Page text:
IoD policy leads respond to individual aspects of the Chancellor’s Autumn Statement:
On tax reforms, Stephen Herring, Head of Taxation, said:
“We welcome the dismantling of the ridiculous and economically damaging stamp duty slab system. This tax distorted economic behaviour and stunted aspiration.
"The IoD has long campaigned for this change, which will benefit the vast majority of homebuyers. However, we think that the proposed 12% top rate for the proceeds in excess of £1.5 million may be too high. A lower rate (8-10%) could lead to more transactions at the top end and actually bring in more tax.
“There has also been positive progress on income tax, with both the personal allowance and the higher rate threshold being raised. We called for a triple-locking of the tax bands to the higher of inflation (RPI), earnings or 2.5% on a similar basis to the single-tier pension. We believe this is right long term approach and urge all parties to consider this proposal.
“The need for Northern Ireland to match the corporation tax rate in the Irish Republic trumps the inevitable increase in compliance costs/complexity for groups trading in both Great Britain and Northern Ireland. This move demonstrates how business tax competition invariably leads to lower taxation of business activity.
“We will be surprised if the Diverted Profits Tax collects over £350 million per annum as it is never easy to determine whether profits have been artificially diverted rather than being authentically allocated to a particular jurisdiction. We are also concerned that much needed foreign direct investment into the United Kingdom is threatened by the inevitable uncertainty in how the detailed provisions will be applied.”
On business funding, Malcolm Small, Senior Financial Services Policy Adviser, said:
“The announcements of further support for SME lending through the British Business Bank and the Funding for Lending scheme are to be warmly welcomed. However, imposing new taxes on banks, whilst making great headlines, could see a reduction in business lending. Singling out individual parts of our interdependent economy for extra taxation is not a good principle to follow.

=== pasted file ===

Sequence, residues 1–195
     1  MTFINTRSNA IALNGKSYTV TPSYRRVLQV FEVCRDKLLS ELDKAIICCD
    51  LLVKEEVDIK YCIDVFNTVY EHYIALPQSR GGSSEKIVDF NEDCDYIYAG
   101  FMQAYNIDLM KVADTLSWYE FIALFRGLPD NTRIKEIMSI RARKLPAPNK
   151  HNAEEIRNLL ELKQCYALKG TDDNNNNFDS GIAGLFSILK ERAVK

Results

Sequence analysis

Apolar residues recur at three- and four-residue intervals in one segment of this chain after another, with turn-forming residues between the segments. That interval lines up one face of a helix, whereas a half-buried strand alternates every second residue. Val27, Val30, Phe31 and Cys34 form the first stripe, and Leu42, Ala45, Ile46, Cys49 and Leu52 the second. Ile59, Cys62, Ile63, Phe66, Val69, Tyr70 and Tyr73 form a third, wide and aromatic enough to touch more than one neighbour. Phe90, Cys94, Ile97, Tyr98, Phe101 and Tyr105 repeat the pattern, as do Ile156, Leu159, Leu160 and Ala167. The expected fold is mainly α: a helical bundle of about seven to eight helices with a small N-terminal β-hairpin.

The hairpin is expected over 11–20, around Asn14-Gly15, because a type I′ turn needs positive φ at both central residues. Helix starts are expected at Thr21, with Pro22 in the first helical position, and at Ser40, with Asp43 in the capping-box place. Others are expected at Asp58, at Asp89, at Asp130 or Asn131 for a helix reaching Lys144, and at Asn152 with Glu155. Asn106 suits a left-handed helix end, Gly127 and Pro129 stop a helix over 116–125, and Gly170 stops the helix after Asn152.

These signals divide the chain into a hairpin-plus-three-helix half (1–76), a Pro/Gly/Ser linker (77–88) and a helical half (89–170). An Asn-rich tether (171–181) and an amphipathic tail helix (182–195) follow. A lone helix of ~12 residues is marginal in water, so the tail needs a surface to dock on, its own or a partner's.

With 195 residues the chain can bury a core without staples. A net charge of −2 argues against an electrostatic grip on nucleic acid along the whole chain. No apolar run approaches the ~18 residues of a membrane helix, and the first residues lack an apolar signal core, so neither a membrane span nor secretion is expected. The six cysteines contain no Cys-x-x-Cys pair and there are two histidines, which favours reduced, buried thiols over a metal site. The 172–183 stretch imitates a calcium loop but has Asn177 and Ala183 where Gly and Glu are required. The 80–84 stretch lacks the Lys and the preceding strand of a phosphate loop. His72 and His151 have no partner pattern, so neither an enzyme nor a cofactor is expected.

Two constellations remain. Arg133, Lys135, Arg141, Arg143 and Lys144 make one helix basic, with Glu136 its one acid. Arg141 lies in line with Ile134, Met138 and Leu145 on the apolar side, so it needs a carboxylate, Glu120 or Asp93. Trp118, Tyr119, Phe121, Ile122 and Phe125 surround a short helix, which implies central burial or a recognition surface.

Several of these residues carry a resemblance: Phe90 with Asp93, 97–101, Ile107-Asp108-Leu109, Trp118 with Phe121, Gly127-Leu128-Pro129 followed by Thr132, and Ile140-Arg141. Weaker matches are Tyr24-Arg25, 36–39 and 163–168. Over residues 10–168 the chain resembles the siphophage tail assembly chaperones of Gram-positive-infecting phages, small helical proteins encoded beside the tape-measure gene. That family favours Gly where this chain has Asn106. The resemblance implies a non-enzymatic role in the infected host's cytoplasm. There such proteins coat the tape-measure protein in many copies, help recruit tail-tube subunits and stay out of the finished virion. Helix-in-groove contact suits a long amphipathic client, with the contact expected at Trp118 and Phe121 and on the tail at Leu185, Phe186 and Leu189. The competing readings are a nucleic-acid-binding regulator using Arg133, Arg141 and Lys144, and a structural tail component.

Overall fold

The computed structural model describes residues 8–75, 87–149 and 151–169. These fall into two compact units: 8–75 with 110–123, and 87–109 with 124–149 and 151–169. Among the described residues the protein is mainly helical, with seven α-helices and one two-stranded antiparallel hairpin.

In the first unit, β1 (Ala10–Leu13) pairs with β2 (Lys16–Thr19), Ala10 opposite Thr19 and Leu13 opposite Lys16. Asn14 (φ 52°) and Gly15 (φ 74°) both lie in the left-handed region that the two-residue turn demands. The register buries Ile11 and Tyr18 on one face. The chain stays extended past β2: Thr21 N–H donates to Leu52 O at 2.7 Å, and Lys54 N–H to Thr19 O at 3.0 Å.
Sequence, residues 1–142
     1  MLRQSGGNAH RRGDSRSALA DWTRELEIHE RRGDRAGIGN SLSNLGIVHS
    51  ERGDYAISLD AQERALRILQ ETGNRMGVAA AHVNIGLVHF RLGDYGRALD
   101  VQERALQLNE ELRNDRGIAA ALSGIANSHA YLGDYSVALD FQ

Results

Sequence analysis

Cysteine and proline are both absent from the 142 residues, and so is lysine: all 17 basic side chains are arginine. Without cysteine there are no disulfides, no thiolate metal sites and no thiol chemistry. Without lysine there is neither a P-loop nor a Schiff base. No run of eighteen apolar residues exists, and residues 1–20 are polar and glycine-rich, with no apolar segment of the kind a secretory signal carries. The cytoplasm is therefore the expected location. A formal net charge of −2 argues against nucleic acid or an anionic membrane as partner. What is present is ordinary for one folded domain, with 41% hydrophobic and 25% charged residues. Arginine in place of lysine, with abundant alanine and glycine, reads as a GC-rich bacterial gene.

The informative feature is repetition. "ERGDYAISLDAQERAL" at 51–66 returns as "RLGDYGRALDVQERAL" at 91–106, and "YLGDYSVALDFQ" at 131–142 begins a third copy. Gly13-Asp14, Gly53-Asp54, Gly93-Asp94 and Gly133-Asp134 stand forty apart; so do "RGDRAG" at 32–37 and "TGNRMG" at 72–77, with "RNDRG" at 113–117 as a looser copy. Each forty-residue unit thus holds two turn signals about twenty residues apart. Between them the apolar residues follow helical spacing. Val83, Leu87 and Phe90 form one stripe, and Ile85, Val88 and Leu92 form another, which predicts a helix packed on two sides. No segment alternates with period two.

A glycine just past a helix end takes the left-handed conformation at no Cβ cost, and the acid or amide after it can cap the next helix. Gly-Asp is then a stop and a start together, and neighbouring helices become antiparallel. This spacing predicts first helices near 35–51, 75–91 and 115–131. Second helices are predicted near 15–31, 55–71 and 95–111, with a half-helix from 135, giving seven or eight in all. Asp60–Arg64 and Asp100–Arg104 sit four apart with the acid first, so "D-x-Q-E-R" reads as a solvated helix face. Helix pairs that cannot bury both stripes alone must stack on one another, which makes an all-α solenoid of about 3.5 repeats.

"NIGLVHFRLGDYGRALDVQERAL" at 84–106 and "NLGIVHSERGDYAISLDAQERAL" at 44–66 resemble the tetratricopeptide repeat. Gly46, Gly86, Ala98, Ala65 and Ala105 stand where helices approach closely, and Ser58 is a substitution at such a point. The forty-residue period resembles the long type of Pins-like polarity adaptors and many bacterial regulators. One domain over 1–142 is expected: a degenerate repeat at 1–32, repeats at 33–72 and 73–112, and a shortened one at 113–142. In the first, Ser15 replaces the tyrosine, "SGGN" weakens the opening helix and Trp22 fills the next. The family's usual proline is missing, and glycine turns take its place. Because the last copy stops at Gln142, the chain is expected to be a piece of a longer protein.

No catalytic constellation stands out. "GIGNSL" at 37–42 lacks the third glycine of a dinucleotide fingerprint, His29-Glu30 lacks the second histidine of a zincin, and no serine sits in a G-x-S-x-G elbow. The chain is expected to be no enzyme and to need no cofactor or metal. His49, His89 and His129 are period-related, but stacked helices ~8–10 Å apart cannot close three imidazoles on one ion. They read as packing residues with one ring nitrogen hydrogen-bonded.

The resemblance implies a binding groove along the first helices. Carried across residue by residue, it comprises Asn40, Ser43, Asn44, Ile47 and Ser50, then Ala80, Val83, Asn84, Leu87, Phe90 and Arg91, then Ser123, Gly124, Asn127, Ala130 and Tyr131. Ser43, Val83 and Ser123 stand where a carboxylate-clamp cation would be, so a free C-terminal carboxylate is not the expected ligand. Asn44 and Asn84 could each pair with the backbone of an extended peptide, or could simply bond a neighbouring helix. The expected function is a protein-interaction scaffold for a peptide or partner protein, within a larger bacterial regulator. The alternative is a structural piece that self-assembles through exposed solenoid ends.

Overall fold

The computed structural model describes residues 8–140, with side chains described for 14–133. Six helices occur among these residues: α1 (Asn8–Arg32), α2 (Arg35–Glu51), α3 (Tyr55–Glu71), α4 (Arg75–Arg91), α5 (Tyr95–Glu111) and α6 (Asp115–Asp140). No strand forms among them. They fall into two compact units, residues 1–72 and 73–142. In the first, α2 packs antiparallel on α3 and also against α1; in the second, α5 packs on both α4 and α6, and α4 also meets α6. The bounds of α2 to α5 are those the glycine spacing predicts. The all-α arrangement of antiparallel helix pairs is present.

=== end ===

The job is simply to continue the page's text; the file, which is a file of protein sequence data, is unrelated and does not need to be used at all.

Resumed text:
“The decision to consult on removing regulatory barriers to crowd funding and peer to peer lending is very positive, as these both hold great potential for businesses.”
On savings, Small added:
“It has long been anomalous that ISAs lose their privileged status on the death of a spouse and the announcement of the intention to reform this is welcome. The abolition of the 55% “death charge” on pensions has been widely trailed already but is none the less welcome, as is the better treatment of joint life annuity holders. Both measures will encourage financial resilience in the UK, which is currently weak.”
On energy, Dan Lewis, Senior Infrastructure Policy Adviser, said:
“Bringing home the benefits of shale with a ‘northern sovereign wealth fund’, as well as an independent shale exploration fund to inform the public directly on safety matters, is key to winning public acceptance. It’s right that the Chancellor supports the North Sea oil and gas industry while oil prices and production are falling, to incentivise investment and protect tax revenues.
On support for exporters, Allie Renison, Head of Europe and Trade Policy, said:
“Expansion of the UKTI’s regional International Trade Advisers network is a welcome move, particularly those with experience of working with first time exporters. Local insight visits for SMEs are vitally important given that smaller businesses often do not have the time or resources to devote to exploring new markets.
“The shift to put more resources into digitising export support is crucial. Nearly half of IoD members have used social media and online networking to identify business opportunities abroad, indicating that digital resources are important tools for would-be exporters. But there is no substitute for tax relief when it comes to offsetting costs to get businesses exporting, and the IoD hopes this will be an important consideration for this and the next Government.”
On innovation, Jimmy McLoughlin, Head of Technology Policy, said:
“The Chancellor spoke of a ‘Golden Age’ when it came to technology, and his announcements should help to ensure this age continues. We welcome government investment of £5.9 billion in research and development, including £113 million in Big Data, and £95 million in the next European space mission to Mars. Even more significant in the long term could be the extension of R&D tax credits. IoD members show that these credits lead to innovation and job creation throughout the entire of United Kingdom.
“Britain has long been a leader in the space sector, and funding the first European rover mission will pay for itself far into the future when the information and technology acquired makes regular missions to Mars possible.“